Muscat: Visiting India is nothing short of an adventure in Wonderland. The most populated nation in the world and the biggest democracy, India is a civilization that houses many cultures. Walking through its streets is like taking a tour of a living museum as India amalgamates its ancient traditions with the modernity of large corporate offices and grand educational institutes.
This reporter of the 'Times News Service' recently had the good fortune of visiting India as part of its External Affairs Ministry's initiative to strengthen the Oman-India relations. One of my first meetings was with the Deputy Minister of External Affairs of the Republic of India - Dr. Awsaf Saeed, who emphasized that the friendly trade relations between the two countries date back to hundreds of years. He mentioned that 6,000 Indian companies operate in the Sultanate, and the Oman-India trade exchange has increased by 9.99 percent in the last two years.
Oman's Ambassador to India, His Excellency Essa bin Saleh Al Shaibani with the author Jumana Alzaabi.
I also met Oman's Ambassador to India, His Excellency Essa bin Saleh Al Shaibani who stressed that under the leadership of His Majesty Sultan Haitham bin Tariq, the Omani Embassy is playing a big role to enhance cooperation, communication and friendship between the two nations.
Fragrance of India
I did not feel far from home as the scents of Indian oud attracted me while walking through the aged streets of Bangalore. It reminded me of an evening tour on the Corniche Muttrah that overlooks the incense burner structure at Riam park peeking from behind the mountains.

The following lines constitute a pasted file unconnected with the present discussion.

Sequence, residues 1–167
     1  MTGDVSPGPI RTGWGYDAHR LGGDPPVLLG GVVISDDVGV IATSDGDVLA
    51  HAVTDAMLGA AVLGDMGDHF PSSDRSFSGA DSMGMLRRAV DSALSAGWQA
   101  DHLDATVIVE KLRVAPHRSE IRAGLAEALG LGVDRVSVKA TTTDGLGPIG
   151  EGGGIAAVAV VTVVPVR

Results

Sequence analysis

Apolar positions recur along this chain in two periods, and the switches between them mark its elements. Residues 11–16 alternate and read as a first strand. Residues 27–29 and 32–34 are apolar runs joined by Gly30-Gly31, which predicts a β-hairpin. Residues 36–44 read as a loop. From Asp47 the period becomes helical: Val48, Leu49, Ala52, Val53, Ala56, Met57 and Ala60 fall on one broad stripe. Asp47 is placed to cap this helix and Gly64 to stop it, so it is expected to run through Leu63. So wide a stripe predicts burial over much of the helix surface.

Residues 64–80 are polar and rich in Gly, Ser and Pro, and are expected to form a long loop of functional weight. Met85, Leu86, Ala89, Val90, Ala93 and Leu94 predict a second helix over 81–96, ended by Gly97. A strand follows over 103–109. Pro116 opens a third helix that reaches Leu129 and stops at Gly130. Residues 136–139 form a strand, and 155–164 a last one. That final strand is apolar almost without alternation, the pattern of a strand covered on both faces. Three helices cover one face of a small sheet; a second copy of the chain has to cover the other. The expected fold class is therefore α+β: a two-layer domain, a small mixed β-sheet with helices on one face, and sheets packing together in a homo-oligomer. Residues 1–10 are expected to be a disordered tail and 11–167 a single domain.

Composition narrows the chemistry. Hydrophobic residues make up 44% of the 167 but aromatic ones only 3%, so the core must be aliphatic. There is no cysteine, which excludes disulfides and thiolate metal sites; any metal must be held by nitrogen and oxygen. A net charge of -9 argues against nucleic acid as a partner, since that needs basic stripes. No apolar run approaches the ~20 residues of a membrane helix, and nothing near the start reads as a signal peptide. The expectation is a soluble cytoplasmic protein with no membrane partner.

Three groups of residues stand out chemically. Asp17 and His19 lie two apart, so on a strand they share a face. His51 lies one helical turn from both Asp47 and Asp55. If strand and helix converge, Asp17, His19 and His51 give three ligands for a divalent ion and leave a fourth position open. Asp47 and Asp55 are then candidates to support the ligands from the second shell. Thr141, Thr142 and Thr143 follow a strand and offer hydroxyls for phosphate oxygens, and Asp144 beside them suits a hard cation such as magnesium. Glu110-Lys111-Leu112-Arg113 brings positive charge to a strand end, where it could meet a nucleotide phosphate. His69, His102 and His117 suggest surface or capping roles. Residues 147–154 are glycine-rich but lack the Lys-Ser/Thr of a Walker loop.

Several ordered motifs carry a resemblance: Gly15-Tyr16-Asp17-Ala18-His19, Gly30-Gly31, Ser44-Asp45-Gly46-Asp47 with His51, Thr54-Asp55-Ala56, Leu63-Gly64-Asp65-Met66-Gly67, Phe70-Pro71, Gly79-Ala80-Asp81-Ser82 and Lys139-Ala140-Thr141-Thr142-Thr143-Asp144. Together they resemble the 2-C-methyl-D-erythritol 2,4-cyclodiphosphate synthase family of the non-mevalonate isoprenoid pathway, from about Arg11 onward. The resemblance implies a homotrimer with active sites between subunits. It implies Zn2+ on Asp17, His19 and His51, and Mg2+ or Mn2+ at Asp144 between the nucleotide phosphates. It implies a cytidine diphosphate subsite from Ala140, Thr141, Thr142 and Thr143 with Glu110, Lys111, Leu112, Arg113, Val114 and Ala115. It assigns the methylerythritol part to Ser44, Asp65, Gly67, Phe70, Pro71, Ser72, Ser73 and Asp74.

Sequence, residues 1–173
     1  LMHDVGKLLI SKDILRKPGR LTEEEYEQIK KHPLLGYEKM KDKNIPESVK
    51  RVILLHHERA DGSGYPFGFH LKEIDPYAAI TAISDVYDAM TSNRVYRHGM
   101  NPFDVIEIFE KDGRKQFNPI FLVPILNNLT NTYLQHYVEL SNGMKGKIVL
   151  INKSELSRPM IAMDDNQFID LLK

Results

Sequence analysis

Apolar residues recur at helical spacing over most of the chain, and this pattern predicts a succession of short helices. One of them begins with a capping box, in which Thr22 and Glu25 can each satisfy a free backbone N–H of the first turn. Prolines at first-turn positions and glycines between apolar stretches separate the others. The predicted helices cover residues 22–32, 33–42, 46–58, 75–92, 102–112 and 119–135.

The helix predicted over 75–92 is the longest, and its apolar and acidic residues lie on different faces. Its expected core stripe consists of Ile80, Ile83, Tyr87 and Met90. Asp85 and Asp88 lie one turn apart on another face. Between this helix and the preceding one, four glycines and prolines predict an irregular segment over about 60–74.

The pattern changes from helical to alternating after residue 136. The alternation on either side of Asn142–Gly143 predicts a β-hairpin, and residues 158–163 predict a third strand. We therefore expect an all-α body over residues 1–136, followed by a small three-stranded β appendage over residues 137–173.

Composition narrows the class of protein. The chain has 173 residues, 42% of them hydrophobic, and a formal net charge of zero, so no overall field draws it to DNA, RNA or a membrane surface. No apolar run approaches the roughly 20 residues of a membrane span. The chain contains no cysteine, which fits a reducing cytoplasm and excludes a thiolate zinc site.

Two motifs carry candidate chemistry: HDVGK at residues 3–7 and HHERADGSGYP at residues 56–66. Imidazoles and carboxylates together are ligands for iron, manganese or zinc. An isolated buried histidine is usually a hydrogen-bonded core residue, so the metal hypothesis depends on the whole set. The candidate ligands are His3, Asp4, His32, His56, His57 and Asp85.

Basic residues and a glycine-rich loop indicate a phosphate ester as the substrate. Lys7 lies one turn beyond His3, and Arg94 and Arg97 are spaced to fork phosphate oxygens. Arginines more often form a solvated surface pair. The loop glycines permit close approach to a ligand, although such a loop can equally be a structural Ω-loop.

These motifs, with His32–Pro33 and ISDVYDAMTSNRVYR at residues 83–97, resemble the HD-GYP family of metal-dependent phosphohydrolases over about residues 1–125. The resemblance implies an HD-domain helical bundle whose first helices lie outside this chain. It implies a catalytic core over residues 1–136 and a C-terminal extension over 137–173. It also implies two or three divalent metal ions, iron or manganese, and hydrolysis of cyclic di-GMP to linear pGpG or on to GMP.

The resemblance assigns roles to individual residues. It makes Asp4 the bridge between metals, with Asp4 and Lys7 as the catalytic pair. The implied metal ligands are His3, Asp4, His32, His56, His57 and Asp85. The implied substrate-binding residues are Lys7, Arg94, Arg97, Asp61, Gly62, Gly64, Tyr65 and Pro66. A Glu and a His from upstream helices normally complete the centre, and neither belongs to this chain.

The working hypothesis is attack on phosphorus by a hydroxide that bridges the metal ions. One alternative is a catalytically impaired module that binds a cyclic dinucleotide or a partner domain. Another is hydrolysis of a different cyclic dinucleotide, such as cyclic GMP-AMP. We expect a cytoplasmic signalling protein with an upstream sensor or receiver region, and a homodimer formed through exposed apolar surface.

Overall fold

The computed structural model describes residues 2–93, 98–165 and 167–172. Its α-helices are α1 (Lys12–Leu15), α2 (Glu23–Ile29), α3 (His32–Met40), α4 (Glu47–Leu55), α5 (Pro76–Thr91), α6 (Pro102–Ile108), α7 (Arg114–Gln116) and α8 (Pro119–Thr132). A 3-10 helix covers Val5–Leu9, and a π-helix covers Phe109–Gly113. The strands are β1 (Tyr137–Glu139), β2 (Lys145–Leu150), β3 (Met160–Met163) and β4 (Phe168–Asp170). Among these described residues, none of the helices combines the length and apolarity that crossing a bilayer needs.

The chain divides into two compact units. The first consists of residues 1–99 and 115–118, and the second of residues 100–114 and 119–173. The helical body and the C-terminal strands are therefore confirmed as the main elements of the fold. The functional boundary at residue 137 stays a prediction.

The cheerful greetings of 'Namaste' throughout the country, made me feel at home despite my longing for friends and nights at Muscat. As I explored the capital city of New Delhi, the simplicity in people's faces and the warmth in their laughter made me understand why 'Delhi' literally means a place where "people with good hearts" live.
The city that never sleeps
Walking through the traditional souq like markets of Chandi Chowk in Delhi, I marveled at the sparkling saris worn by Indian women, even as my taste buds exploded with a mouthful of Gulab Jamun dessert. The scents of spices and curry chased me through the noisy streets full of small yellow autorickshaws called Tuk Tuk by the localites. In the hustle and bustle of Delhi, hundreds of motorcyclists crowd the roads in a never-ending chase to catch up with the fast-paced life of the city that never sleeps.
Situated on the banks of the River Yamuna, Delhi offers a variety of cuisines, dialects and clothes making it a perfect embodiment of India's diversity on the religious and cultural spectrum.
The Taj Mahal is an Islamic ivory-white marble mausoleum.
The visit could not have been completed without visiting the world famous icon of love - the Taj Mahal. Celebrated as one of the seven wonders of the world, the Taj Mahal is an Islamic ivory-white marble mausoleum built in the city of Agra. Commissioned in 1631 on the orders of Mughal Emperor Shah Jahan, the monument commemorates the king's love for his wife Mumtaz Mahal. The Taj Mahal is a jewel and marvel of Islamic art in India and continues to draw a huge crowd of tourists till this day.
As my trip came to an end, I returned not with a good bye but with a promise to visit again. The familiar and the novel aspects of the Indian culture has piqued my curiosity to explore this land of wonders.